Maui police to blame in harassment case, jury finds
By David Waite
Advertiser Courts Writer
A federal court jury found yesterday that former Maui police officer Bonnie Burke was racially and sexually harassed while on the job and awarded her $80,000.
The jury of five men and four women deliberated for five days after 12 days of trial, which ended last Wednesday.
The jury concluded that the conduct Burke was subjected to while working for the Police Department violated state and federal laws that prohibit a hostile work environment caused by sexual harassment.
The jury also found that Burke's work environment was made hostile by racial harassment violating state and federal law. The jurors determined that the gender discrimination Burke was subjected to also violated her civil rights.
"I'm very happy because it shows that our (legal) system does work," Burke said after the verdict was announced. She declined to comment at length, saying she had to catch a plane to return to the Mainland, where she now lives.
Maui Police Chief Thomas Phillips said he was "very disappointed" with the trial's outcome.
"We won the case four years ago, but they gave (Burke) a new trial. It was very disappointing to have to go through this all over again," Phillips said.
In May 1999, a federal jury rejected Burke's contention that she had suffered discrimination because she was a woman and Caucasian. But the 9th U.S. Circuit Court of Appeals later ruled that "highly prejudicial" testimony about Burke's sexual history should not have been introduced at trial, and ordered the new trial.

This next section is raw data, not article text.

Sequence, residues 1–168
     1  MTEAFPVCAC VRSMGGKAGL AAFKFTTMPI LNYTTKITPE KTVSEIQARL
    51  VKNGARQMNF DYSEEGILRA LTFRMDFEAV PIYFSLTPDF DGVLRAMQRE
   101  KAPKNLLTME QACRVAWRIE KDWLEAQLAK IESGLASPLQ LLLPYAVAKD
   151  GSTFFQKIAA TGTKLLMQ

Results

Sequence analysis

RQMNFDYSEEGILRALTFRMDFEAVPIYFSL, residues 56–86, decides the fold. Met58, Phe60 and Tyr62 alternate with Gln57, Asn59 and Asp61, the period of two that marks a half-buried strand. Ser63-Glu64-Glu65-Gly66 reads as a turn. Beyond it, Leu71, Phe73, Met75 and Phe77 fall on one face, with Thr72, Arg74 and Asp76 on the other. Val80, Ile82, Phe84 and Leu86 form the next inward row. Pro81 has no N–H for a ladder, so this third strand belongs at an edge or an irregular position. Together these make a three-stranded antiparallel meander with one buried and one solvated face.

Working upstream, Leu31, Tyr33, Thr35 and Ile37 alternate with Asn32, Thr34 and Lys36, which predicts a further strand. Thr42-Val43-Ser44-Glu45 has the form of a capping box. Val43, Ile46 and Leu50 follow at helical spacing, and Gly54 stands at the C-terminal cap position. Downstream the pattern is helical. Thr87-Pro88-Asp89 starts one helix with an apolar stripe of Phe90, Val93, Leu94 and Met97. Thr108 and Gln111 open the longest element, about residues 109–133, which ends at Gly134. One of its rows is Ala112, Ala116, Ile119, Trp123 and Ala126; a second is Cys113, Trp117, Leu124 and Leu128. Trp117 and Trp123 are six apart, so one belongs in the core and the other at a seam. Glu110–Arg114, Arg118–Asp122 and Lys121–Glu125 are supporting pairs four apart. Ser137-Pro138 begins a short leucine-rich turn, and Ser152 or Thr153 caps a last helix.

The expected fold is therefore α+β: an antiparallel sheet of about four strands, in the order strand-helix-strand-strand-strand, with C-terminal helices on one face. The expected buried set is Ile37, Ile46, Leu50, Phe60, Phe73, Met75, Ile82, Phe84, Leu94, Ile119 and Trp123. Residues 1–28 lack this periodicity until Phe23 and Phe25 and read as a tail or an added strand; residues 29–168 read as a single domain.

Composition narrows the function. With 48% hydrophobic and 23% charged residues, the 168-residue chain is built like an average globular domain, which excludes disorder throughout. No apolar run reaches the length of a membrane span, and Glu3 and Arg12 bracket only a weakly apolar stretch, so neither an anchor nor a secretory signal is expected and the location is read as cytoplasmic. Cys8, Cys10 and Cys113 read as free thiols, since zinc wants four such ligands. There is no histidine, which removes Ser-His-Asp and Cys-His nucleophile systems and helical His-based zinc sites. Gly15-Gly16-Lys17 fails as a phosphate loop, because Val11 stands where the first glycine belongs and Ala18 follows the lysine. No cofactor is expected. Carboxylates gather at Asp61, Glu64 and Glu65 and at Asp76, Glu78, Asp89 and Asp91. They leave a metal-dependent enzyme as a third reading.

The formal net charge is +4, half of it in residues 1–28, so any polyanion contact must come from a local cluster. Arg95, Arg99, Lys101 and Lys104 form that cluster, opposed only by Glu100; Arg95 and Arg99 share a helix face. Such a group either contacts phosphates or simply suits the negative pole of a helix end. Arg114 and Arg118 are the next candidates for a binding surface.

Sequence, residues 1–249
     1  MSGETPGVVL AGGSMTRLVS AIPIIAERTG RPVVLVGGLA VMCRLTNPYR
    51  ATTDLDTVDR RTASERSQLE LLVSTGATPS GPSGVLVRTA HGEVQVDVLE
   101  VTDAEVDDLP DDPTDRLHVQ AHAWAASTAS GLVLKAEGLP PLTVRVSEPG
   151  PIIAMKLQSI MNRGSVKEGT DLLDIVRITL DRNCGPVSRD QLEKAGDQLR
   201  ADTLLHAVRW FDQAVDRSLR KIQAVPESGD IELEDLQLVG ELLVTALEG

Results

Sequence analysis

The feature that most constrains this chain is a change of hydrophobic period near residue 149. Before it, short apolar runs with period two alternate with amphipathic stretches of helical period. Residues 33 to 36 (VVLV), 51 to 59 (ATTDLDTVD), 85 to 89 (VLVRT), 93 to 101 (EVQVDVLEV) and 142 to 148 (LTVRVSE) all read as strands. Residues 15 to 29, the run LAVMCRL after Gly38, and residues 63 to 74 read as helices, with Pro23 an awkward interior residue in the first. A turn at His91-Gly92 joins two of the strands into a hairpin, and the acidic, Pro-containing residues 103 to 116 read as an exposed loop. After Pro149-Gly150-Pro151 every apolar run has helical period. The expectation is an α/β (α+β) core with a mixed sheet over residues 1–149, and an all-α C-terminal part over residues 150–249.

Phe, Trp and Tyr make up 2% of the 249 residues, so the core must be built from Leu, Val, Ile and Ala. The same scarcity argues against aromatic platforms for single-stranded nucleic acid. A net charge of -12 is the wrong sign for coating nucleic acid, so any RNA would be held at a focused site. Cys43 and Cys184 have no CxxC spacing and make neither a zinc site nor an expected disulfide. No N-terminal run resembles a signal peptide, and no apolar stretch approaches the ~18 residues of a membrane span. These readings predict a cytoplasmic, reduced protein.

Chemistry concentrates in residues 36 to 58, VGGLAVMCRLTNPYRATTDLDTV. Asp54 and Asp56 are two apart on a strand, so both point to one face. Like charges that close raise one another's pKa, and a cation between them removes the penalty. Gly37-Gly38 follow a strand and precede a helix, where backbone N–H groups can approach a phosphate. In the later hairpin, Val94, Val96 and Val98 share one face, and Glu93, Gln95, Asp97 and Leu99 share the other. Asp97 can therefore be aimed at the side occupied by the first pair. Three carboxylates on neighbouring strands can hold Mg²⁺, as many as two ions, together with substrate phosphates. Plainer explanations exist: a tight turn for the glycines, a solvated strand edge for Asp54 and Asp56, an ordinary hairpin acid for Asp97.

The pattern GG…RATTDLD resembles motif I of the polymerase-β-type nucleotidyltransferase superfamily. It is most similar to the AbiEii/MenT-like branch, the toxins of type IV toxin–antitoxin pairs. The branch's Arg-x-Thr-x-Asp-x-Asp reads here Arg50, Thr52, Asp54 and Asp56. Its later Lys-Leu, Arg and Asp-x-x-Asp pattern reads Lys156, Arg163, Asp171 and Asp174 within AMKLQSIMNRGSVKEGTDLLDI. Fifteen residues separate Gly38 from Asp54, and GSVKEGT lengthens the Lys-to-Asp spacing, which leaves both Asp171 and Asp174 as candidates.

Burke's lawyers in the second trial, Shaun Luiz and Ladd Ueoka, claimed that Burke was the object of gender- and race-based slurs and was sexually assaulted at least three times while working for the Maui Police Department in 1991-97.
Burke maintained during the trial that Maui County officials knew that former Maui Deputy Police Chief Lanny Tihada had problems with alcohol and inappropriate sexual behavior toward women working for the department but they did nothing to correct the problems. Burke claimed that Tihada sexually assaulted her at least three times while she worked for the department.
Burke was one of five female police officers to file such complaints. Four of them reached settlements with the county but Burke rejected a proposed settlement.
But Richard Rand, the attorney for Tihada and Maui County, claimed that Maui police officials went out of their way to accommodate Burke's special needs after she began suffering from a blood disorder and that several of the officers whom she accused of harassment donated their leave time to help her.
Rand said the evidence presented at trial showed Tihada's sexual encounters with Burke to be consensual.
Phillips said he hopes that the jurors will discuss their reasons for finding in favor of Burke.
The chief said about 10 percent of the Maui police force are women.
Reach David Waite at firstname.lastname@example.org or 525-8030.